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America May Miss Out On the Next Industrial Revolution (theverge.com) 297

An anonymous reader quotes a report from The Verge: Robots are inevitably going to automate millions of jobs in the U.S. and around the world, but there's an even more complex scenario on the horizon, said roboticist Matt Rendall. In a talk Tuesday at SXSW, Rendall painted a picture of the future of robotic job displacement that focused less on automation and more on the realistic ways in which the robotics industry will reshape global manufacturing. The takeaway was that America, which has outsourced much of its manufacturing and lacks serious investment in industrial robotics, may miss out on the world's next radical shift in how goods are produced. That's because the robot makers -- as in, the robots that make the robots -- could play a key role in determining how automation expands across the globe. As the CEO of manufacturing robotics company Otto Motors, Rendall focuses on building fleets of warehouse bots that could eventually replace the many fulfillment workers who are hired by companies like Amazon. "The robots are coming," Rendall said. "After the Great Recession, there was a fundamental change in people's interest in automation. People started feeling the pain of high-cost labor and there's an appetite for automation that we haven't seen before." While Rendall described himself as one of the optimists, who believes automation will, in the long-term, improve society and help humans live better lives, he said there are changes afoot in the global manufacturing scene that could leave American industries in the dust. "China is tracking to be the No. 1 user in robots used in industrial manufacturing," he said, adding that the country is driving "an overwhelming amount" of growth. The difference, he added, is how China is responding to automation, which is by embracing it instead of shying away from it. This is in stark contrast to industrial advances of the previous century, like Ford's assembly line, that helped transform American industries into the most powerful on the planet.
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America May Miss Out On the Next Industrial Revolution

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  • Bad assumption (Score:5, Insightful)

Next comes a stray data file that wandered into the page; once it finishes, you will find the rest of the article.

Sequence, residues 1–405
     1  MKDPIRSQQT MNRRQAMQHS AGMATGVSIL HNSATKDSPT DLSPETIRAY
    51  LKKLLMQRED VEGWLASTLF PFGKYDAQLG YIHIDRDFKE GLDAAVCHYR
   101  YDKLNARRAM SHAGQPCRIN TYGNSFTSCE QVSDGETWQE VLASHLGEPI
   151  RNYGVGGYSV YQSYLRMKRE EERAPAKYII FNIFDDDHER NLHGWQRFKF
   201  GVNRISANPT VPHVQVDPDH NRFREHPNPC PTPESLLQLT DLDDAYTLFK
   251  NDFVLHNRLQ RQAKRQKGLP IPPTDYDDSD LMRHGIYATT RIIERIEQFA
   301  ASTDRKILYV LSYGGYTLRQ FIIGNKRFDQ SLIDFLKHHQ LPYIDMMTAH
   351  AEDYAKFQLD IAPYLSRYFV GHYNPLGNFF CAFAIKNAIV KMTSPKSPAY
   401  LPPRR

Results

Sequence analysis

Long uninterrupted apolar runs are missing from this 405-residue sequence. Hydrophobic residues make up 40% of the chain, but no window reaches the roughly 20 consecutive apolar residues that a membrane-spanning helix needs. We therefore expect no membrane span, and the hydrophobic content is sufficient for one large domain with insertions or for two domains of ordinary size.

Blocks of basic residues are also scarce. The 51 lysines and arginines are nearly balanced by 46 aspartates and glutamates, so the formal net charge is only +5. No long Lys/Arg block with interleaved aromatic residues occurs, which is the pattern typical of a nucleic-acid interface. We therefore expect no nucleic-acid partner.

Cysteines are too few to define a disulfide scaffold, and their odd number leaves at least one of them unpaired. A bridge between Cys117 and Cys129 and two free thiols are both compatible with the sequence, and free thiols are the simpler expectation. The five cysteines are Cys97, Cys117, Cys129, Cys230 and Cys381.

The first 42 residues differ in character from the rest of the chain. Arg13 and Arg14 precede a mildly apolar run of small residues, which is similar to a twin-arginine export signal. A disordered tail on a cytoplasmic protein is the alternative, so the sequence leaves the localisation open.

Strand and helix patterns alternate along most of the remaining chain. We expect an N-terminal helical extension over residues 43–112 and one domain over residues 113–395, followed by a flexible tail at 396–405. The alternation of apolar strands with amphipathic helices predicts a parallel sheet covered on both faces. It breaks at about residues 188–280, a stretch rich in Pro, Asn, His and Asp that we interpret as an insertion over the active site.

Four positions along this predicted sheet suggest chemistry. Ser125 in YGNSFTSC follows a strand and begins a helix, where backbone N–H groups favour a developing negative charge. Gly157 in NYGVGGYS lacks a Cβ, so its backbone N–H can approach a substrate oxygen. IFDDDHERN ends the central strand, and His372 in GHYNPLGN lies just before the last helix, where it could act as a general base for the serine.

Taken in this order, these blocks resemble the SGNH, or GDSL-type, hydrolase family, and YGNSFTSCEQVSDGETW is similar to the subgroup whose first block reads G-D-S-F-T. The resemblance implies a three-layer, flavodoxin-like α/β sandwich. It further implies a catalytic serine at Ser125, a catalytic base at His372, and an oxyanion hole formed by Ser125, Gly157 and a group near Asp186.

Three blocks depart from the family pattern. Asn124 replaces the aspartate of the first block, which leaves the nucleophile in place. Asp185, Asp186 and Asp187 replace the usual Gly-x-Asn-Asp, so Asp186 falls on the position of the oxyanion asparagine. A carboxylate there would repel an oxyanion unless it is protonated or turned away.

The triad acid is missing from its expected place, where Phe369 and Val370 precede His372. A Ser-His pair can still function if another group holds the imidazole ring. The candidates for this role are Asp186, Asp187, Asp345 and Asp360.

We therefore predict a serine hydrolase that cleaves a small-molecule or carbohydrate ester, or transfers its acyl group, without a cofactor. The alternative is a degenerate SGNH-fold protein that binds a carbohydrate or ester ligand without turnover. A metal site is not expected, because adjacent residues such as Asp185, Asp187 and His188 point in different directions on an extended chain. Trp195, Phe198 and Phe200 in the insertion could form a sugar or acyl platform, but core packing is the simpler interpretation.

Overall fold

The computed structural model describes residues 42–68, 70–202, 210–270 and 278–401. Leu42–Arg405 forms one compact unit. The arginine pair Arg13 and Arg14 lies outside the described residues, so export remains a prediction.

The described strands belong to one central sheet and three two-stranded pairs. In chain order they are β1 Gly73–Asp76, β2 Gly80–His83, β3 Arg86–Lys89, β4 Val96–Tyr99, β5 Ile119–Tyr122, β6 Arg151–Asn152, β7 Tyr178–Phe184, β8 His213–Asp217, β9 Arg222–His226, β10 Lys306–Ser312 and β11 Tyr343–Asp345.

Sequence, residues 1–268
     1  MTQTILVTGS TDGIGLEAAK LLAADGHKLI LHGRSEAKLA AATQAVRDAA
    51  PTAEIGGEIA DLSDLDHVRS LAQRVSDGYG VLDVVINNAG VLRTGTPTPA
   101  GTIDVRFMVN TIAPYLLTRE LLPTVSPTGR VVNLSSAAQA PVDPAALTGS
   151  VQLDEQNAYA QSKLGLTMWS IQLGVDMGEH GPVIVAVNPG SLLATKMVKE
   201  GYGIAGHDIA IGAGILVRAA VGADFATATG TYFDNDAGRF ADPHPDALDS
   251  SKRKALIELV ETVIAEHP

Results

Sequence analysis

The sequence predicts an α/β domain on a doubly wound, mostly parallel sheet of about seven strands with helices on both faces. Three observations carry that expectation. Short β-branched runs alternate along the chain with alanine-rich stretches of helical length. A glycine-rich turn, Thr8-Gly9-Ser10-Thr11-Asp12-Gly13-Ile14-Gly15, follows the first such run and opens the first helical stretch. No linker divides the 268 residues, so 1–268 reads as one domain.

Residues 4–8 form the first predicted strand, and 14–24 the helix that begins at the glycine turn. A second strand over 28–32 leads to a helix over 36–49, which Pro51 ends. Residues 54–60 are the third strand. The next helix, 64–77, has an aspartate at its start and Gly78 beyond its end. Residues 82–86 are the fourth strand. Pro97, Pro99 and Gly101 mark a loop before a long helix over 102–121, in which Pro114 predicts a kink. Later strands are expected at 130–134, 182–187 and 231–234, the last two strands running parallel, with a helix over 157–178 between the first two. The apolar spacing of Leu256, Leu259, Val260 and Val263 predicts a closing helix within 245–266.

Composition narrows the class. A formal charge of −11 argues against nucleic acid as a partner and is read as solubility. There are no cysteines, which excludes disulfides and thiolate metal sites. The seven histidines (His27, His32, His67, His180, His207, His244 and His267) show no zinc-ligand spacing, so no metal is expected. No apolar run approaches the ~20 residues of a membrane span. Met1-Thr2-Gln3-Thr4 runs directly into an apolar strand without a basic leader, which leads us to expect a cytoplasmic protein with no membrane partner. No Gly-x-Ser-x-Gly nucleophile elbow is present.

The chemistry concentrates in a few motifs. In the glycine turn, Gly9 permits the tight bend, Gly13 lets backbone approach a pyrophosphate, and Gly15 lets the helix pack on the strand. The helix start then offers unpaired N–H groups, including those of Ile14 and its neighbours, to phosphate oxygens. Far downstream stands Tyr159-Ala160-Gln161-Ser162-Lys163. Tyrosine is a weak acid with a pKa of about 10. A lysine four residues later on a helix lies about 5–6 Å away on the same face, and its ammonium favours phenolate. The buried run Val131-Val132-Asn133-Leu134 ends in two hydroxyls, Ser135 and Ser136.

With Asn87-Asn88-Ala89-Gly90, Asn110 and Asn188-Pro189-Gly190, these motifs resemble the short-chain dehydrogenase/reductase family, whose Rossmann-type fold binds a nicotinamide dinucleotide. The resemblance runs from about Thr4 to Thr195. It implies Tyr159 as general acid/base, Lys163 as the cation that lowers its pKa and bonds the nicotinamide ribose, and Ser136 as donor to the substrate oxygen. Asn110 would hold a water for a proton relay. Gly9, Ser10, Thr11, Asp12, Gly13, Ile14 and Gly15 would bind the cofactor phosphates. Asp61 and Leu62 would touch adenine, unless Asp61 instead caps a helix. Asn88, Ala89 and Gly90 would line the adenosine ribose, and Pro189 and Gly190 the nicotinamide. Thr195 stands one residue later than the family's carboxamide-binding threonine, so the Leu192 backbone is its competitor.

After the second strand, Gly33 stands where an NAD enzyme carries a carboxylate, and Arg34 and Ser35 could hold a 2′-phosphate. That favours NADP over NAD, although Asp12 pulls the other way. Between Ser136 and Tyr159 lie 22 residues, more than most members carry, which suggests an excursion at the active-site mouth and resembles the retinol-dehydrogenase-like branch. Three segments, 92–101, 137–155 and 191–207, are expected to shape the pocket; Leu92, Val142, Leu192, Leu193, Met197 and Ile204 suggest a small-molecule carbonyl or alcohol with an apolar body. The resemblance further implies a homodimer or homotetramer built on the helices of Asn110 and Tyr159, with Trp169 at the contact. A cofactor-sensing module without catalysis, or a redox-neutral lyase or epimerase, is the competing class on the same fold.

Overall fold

by chromaexcursion ( 2047080 ) on Wednesday March 15, 2017 @11:47PM (#54048705)
    He who innovates/invents first has little effect on 5 years later. If that long.
    Look at Yahoo. The first, and for some time the best internet search engine. Now dust.

    Economists, and the like, keep using 20th century (some even 19th century) models. Intellectuals cling to the past as badly as others. And the fools who like what they say pay them. Sadly the factory workers have no such benefactors.
    • by clovis ( 4684 )

      He who innovates/invents first has little effect on 5 years later. If that long.

      Look at Yahoo. The first, and for some time the best internet search engine. Now dust.

      Economists, and the like, keep using 20th century (some even 19th century) models. Intellectuals cling to the past as badly as others. And the fools who like what they say pay them. Sadly the factory workers have no such benefactors.

      Yahoo first? I would have said Altavisa off the top of my head. Too lazy to check further, though.

      • shoulda checked.
        I don't know if Altavista was even second. Thought they did start within a year of each other. And, they're long gone.
        Before Yahoo there was gopher. In the early days of the web it still worked well, but you had to be a geek to use it.

        My first browser was Mosaic. It was the first. Long gone.
      • Altavista was the precursor to Google, a search engine for the Web.
        Yahoo! was unique in being a homepage for the web - a collector of news and oddities that you could start your day on, and by the way had a search function that was never as good as Altavista or Google.

        • by Rozzin ( 9910 )

          Altavista was the precursor to Google, a search engine for the Web.
          Yahoo! was unique in being a homepage for the web - a collector of news and oddities that you could start your day on, and by the way had a search function that was never as good as Altavista or Google.

          ISTR that when Yahoo! added a search form, that form actually called out to Altavista. There were a few iterations using different search engines before they had their own, and I'm not entirely sure right now whether Altavista was the first or

      • by tsa ( 15680 )

        Webcrawler.

      • by pr0t0 ( 216378 )

        I think the first www search engine was Excite. There were some non-www search engines before that though.

    • by beckett ( 27524 )
      off the top of my head, archie, veronica, jughead, excite, altavista, and primitive web search all predated Yahoo. also now dust.
    • First mover [wikipedia.org] advantages and disadvantages.
    • Look at Yahoo. The first, and for some time the best internet search engine. Now dust.

      Uh no. Yahoo is not and never has been a search engine. They did eventually make the front page an interface to someone else's search engine instead of an interface to their directory, and in the process eliminated their entire reason for existence. When they were a curated directory, there was some reason to use their site. When they just became a bunch of poorly implemented web fora and a Bing search field, there was no longer any reason to go there unless you were using one of their "communities". For ex

    • by JBMcB ( 73720 )

      Economists, and the like, keep using 20th century (some even 19th century) models. Intellectuals cling to the past as badly as others.